Our body has different ways to get rid of its waste products. The lungs, intestine, skin, and Urinary system work in harmony to expel any waste products that might harm you. So our urinary system is one of the main ways our body uses to wash away toxins. But our urinary system is not just a waste disposal machine. It is way more than that.
In this article, we are going to discover the four parts of the urinary system, its function, how to keep it healthy, and finally, some diseases that may affect your urinary system. And at the end, we are going to finish with five fun facts about the urinary system.
Parts of the Urinary System
Our urinary system is composed of four main structures:
- Two kidneys
- Two ureters
- One urinary bladder
- One urethra
The Urine is formed in the kidneys and then travels its way down through the ureters, then to the urinary and finally to the urethra before it gets flushed in the toilette.
1. The Kidneys
We have two kidneys, one on each side of the vertebral column just under the rib cage. The kidneys are located at the back of your abdomen. They are protected by the lower ribs from behind and are surrounded by pads of fat which also protect them from any trauma. Each kidney has the shape of a bean and measures 6cm in width, 12cm in length, and 3cm in thickness.
Your kidneys aren’t just organs that form urine and allow us to get rid of waste products. They play a bigger role in keeping your body’s internal environment stable. See the section on the function of our urinary system below to know more about it.
If we take a cross-section of a human kidney, we will find a very well-organized structure. The kidney is divided from the inside into two main areas; the outer cortex and the inner medulla. The medulla is then divided into pyramidal-shaped structures called renal pyramids. The tip of each pyramid is called papillae. In between these pyramids lie the renal columns, which are considered part of the renal cortex. An indented area in the medial aspect of each kidney is called the hilum. Through this hilum, the renal artery enters the kidney, and the renal vein also leaves it.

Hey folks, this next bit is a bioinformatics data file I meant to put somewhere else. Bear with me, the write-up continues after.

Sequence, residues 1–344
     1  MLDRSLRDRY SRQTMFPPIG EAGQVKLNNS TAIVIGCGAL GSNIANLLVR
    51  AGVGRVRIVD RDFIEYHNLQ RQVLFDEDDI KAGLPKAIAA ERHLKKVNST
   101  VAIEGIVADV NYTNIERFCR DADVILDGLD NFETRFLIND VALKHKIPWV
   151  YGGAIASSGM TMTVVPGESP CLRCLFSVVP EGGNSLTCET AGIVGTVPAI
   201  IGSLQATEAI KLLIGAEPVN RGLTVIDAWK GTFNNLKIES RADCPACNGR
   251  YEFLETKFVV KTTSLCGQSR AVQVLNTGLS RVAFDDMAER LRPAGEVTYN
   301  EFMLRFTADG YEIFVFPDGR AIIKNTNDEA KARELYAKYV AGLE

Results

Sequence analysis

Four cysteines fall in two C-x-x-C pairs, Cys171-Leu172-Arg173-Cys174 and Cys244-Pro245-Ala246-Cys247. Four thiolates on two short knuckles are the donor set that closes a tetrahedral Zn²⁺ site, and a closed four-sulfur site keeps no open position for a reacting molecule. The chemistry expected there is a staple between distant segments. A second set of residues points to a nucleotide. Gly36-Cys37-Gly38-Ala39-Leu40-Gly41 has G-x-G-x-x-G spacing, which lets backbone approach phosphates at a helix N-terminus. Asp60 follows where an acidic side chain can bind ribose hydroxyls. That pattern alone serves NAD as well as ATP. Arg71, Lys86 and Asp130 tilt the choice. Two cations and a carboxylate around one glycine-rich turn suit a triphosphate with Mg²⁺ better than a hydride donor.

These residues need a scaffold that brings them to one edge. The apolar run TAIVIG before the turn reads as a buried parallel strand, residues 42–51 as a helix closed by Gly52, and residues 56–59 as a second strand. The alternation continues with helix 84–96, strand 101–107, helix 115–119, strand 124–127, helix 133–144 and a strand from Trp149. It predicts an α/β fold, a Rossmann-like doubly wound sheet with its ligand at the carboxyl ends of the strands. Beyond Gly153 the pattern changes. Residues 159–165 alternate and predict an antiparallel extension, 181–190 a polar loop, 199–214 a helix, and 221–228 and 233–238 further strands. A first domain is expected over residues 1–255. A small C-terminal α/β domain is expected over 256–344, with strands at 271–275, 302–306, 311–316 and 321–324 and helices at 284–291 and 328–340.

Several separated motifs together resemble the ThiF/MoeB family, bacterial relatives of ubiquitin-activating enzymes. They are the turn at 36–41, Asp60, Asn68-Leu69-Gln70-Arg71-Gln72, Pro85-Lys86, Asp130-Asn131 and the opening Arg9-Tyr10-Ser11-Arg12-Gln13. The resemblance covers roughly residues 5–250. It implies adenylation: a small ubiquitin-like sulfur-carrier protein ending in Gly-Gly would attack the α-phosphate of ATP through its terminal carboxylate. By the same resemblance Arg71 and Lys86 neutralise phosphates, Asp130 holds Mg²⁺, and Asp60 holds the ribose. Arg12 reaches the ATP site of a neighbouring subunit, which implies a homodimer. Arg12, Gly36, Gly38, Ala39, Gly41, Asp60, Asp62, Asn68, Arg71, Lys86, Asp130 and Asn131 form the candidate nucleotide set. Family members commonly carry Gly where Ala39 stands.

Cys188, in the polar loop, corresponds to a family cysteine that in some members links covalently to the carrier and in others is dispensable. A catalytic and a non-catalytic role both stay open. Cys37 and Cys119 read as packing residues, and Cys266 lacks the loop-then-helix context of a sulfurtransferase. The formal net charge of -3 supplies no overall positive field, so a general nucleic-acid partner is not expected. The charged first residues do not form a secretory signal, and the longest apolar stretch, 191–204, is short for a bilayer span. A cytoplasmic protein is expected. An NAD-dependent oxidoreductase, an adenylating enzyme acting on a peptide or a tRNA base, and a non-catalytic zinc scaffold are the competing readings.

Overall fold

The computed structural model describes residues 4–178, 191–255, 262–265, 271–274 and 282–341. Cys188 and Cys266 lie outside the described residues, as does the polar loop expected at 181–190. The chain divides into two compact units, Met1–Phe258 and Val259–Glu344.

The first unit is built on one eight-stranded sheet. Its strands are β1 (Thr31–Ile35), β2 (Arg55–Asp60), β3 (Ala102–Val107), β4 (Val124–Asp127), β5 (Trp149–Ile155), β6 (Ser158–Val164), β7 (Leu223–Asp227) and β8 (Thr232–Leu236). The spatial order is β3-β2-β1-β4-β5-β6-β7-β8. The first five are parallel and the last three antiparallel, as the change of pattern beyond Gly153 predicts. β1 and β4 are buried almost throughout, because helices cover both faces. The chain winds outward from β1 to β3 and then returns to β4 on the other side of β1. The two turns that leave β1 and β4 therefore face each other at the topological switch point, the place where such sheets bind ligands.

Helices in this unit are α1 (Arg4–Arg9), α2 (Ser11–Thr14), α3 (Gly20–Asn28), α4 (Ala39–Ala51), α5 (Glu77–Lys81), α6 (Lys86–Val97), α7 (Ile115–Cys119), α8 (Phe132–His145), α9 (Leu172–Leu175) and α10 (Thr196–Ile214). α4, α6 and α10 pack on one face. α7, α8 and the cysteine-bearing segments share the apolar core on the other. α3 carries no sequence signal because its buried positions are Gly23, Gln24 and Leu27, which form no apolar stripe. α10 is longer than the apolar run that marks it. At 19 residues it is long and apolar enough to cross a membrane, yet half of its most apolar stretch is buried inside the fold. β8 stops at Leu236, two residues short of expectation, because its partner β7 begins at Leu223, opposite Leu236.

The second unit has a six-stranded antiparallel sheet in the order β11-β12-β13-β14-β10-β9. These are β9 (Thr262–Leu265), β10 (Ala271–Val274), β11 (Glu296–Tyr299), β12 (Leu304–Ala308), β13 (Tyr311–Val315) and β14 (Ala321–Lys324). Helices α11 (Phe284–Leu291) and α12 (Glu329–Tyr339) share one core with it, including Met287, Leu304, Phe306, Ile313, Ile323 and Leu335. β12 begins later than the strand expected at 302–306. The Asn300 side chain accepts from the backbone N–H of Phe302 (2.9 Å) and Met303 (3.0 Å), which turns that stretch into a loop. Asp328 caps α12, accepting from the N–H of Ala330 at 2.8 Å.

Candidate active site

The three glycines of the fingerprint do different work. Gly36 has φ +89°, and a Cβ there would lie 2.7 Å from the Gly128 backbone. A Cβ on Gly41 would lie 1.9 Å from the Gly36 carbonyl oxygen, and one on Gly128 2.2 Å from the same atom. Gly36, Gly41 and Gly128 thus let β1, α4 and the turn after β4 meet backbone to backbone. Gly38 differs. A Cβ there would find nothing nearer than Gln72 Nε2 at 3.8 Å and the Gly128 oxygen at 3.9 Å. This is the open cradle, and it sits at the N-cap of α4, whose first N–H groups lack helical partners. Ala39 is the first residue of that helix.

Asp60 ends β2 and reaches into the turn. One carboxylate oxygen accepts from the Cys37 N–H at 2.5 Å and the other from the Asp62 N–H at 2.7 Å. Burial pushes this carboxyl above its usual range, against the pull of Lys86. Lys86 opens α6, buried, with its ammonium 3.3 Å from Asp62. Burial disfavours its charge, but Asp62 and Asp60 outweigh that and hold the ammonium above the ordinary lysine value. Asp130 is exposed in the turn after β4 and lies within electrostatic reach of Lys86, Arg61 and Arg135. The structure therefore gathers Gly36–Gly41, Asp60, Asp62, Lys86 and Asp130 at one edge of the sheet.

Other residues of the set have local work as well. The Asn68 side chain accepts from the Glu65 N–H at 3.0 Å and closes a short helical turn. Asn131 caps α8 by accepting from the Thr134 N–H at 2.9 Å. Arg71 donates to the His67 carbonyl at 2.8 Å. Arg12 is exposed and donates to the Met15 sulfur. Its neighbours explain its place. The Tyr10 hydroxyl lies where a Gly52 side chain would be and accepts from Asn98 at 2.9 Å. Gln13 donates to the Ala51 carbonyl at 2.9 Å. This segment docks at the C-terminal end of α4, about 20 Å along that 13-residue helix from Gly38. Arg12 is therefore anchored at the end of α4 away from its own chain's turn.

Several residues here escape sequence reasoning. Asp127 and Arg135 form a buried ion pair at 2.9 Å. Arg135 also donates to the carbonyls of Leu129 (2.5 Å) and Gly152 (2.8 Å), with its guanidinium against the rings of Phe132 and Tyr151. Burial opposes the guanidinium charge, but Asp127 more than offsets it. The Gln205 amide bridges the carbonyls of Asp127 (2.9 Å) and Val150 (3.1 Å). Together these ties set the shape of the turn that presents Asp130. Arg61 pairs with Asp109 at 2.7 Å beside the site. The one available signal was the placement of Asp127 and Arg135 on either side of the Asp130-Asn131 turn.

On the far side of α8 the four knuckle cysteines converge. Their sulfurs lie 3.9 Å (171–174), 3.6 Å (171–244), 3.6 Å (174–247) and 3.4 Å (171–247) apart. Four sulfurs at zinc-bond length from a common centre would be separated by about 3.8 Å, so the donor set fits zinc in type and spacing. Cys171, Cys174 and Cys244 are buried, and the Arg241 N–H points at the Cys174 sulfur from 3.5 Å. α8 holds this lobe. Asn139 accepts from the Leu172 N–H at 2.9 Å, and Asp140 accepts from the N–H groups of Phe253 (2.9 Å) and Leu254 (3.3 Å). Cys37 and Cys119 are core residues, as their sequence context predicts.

2. The Ureters
In the last section, we stopped at the tip of the renal pyramids. Now, let’s move down the way. Just after the renal papillae, a tubular system emerges that would later form what is called the ureter. This tubular system starts with the minor calyces (the singular of which is the calyx). These minor calyces coalesce together to make the major calyces which in turn form the renal pelvis. Finally, the renal pelvis continues as the ureter.
The ureter is a thin muscular tube about 25cm long. Its function is to transport the urine formed in the kidneys to the next station, which is the Urinary Bladder. That is why it has muscles in its wall. These muscles contract and relax to propel the urine downward, where it gets stored in the urinary bladder. It is very dangerous if your urine stays in the ureters for a long time. For example, if you have a renal stone and your ureters can’t expel that urine down to the urinary bladder, it will cause back pressure on your kidneys and increases the risk of having a urinary tract infection.
3. The Urinary Bladder
The urinary bladder is a hollow organ that looks like a balloon. It lies in the pelvic cavity and acts as a reservoir of your urine. Like the ureter, it also has a smooth muscle layer that allows it to push urine to the next station. When these muscles relax, they allow your bladder to extend to accommodate more urine. And when they contract, they squeeze your urinary bladder and allow it to push the urine into the urethra. It holds the urine until it receives an order from your brain, telling it that it’s an appropriate time to expel that urine.
4. The Urethra
Here we are at the final station our urine travels through. The urethra is a thin tube that takes the urine that has been collected by the urinary bladder and moves it to its final destination; The toilette. Your urethra has muscle bands that encircle it tightly like a rubber band. They work as a guard. In fact, it has two guards that control the urine flow through it and prevent any potential leakage. These guards are the internal and external urethral sphincters.
The internal urethral sphincter lies at the beginning of your urethra (at the end of your urinary bladder). This sphincter contains smooth muscle fibres, which means it is not under your voluntary control. These muscle fibres encircle the urethra tightly like a rubber band.